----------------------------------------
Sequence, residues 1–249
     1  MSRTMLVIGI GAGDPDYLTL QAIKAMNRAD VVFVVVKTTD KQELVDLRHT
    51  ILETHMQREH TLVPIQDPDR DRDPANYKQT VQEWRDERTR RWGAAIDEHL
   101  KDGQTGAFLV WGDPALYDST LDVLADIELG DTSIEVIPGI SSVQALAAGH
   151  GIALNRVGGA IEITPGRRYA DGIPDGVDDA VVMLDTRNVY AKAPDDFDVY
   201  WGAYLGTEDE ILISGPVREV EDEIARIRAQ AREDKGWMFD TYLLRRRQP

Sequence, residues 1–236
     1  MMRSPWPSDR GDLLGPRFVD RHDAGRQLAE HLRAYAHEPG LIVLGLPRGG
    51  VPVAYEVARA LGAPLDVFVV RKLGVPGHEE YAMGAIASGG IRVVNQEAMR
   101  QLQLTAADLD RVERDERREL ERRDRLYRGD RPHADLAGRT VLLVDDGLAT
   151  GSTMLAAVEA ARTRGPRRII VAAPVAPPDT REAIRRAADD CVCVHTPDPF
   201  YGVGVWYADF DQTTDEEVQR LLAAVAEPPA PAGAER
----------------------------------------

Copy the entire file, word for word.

Sequence, residues 1–249
     1  MSRTMLVIGI GAGDPDYLTL QAIKAMNRAD VVFVVVKTTD KQELVDLRHT
    51  ILETHMQREH TLVPIQDPDR DRDPANYKQT VQEWRDERTR RWGAAIDEHL
   101  KDGQTGAFLV WGDPALYDST LDVLADIELG DTSIEVIPGI SSVQALAAGH
   151  GIALNRVGGA IEITPGRRYA DGIPDGVDDA VVMLDTRNVY AKAPDDFDVY
   201  WGAYLGTEDE ILISGPVREV EDEIARIRAQ AREDKGWMFD TYLLRRRQP

Sequence, residues 1–236
     1  MMRSPWPSDR GDLLGPRFVD RHDAGRQLAE HLRAYAHEPG LIVLGLPRGG
    51  VPVAYEVARA LGAPLDVFVV RKLGVPGHEE YAMGAIASGG IRVVNQEAMR
   101  QLQLTAADLD RVERDERREL ERRDRLYRGD RPHADLAGRT VLLVDDGLAT
   151  GSTMLAAVEA ARTRGPRRII VAAPVAPPDT REAIRRAADD CVCVHTPDPF
   201  YGVGVWYADF DQTTDEEVQR LLAAVAEPPA PAGAER